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How Can I Recognize If I Have a Porn Addiction? A Surprising Answer
Episode 21117th September 2023 • Thrive Beyond Pornography (Formerly The Self Mastery Podcast) • Zach Spafford
00:00:00 00:22:11

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Learning to Thrive Beyond Pornography use was the greatest challenge of our life and marriage. It had rocked my self confidence, tainted all of the most important experiences of my life and become the most impossible challenge I had.

With this podcast or at you'll learn about the struggle, how to overcome pornography use, and where to find additional resources to begin to thrive beyond pornography with your spouse.

At some point I took a step away from all the 12 step meetings and councilors and started to figure out my own brain, to look at my issue as something that I had the answer to and I was going to figure it out. Here I share those lessons and give you the power to start your own journey free. Whether you struggle with unwanted pornography use or are the spouse or partner, whether you feel stuck or just don't know where to start, here I will teach you principles, tools and skills that you can use today to change how you think and, in the end, what you do.

You'll hear interviews with my spouse, with experts on human sexuality and with former and current pornography users on how you can overcome your own struggle with addictive behavior.

The Thrive Beyond Pornography podcast will bring new perspective to your struggle and keep you coming back to improve all aspects of your life. (formerly, The Self Mastery Podcast: Overcome Pornography Forever)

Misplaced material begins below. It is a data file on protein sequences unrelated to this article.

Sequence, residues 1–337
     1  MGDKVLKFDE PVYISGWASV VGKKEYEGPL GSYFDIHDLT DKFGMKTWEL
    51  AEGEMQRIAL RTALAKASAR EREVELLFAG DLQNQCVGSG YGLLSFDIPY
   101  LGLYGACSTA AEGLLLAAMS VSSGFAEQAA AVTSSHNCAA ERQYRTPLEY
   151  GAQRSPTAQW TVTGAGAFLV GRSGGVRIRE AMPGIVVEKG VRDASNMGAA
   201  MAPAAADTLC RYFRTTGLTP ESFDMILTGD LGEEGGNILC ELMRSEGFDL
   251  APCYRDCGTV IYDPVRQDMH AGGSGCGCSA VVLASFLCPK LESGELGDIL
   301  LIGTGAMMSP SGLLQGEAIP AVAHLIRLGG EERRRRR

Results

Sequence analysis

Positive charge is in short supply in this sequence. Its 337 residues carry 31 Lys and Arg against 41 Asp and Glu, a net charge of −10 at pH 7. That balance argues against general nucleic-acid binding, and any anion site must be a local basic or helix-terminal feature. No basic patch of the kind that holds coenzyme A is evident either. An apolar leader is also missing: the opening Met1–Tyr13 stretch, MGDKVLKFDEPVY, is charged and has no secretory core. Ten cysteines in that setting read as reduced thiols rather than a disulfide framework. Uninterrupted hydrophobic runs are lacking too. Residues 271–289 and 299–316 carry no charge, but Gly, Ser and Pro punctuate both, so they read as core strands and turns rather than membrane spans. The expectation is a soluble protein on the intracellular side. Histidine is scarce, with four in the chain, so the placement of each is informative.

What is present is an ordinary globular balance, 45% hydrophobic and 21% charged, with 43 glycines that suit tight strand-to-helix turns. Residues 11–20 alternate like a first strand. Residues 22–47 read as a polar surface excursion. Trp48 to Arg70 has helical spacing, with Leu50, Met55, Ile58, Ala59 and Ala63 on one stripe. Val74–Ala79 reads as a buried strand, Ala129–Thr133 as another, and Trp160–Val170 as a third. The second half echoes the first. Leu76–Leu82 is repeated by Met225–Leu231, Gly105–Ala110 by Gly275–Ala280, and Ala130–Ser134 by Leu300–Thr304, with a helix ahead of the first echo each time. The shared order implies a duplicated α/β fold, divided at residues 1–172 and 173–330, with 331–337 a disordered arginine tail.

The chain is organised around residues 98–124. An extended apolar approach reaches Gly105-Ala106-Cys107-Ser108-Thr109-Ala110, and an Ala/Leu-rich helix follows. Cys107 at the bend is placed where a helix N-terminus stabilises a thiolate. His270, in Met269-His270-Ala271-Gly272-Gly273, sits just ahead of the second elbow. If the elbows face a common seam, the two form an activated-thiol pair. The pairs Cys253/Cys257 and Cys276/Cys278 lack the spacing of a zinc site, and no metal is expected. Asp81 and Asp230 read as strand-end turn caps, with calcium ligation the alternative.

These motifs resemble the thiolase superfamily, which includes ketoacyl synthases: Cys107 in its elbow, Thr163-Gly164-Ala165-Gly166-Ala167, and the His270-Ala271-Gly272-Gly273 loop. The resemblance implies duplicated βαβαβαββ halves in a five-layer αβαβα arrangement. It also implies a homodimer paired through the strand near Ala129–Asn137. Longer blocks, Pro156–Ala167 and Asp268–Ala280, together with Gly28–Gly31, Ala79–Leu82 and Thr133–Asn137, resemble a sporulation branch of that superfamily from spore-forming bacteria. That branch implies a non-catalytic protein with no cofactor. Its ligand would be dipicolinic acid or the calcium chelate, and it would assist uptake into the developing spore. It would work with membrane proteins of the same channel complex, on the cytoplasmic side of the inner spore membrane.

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Intro -LDS


episode 211


Zach Spafford: Hey everybody and welcome to Thrive Beyond Pornography. I'm your host, Zach Spafford. Today, I want to talk about something that you are probably, you've probably been thinking about. You might have been thinking about this, you might be on this podcast just because of this very issue. The question is, how do I know?

How can I recognize? If I have a porn addiction, and we're going to dive into this, we're going to talk about this in depth, but I want to start by saying among those who are studying this at its highest levels, among those who work on this in the day in and day out, most of them would not say that you have a porn addiction.

And the word addiction itself has a lot of negative connotation. And I've talked about this on the podcast before, how in especially high demand religions or in religions where you have a proclivity to pathologize Sexuality at some level. So, you know, don't masturbate, don't look at porn, those are all going to be sins, big, major sins.

Most of those arenas, they tend to over emphasize this idea of addiction. And I've talked about this again, I've talked about this before on the podcast. The reason I think that we say, oh, I have an addiction, and this really came out in a conversation that we were having with... A new client this week, the wife, she was saying to Darcy, she's just saying, just tell me that he has a porn addiction.

Tell me he has this compulsion. Tell me he has this sexual addiction. So that... She can, in the end, really, the reason she wants to know this, or wants to call it an addiction is so that she can turn it into something that is a disease that can be cured, into something that is a problem that is outside of him, meaning it's not his fault that he is this way, making it so that At some level, he is less culpable for the behavior that he's engaging in because she doesn't like the way he's behaving, and the way he's behaving does not fit into their agreed upon way of engaging with each other and engaging with their sexuality, and yet he's still doing it, so for her, there's some comfort in saying he's an addict, and for him, there's some not just comfort, but lower responsibility by saying, I'm an addict because in that space they have this ability to offload the responsibility for behavior onto somebody else, onto something else, onto this idea that he has a disease and that disease is not his fault and that disease is his fault.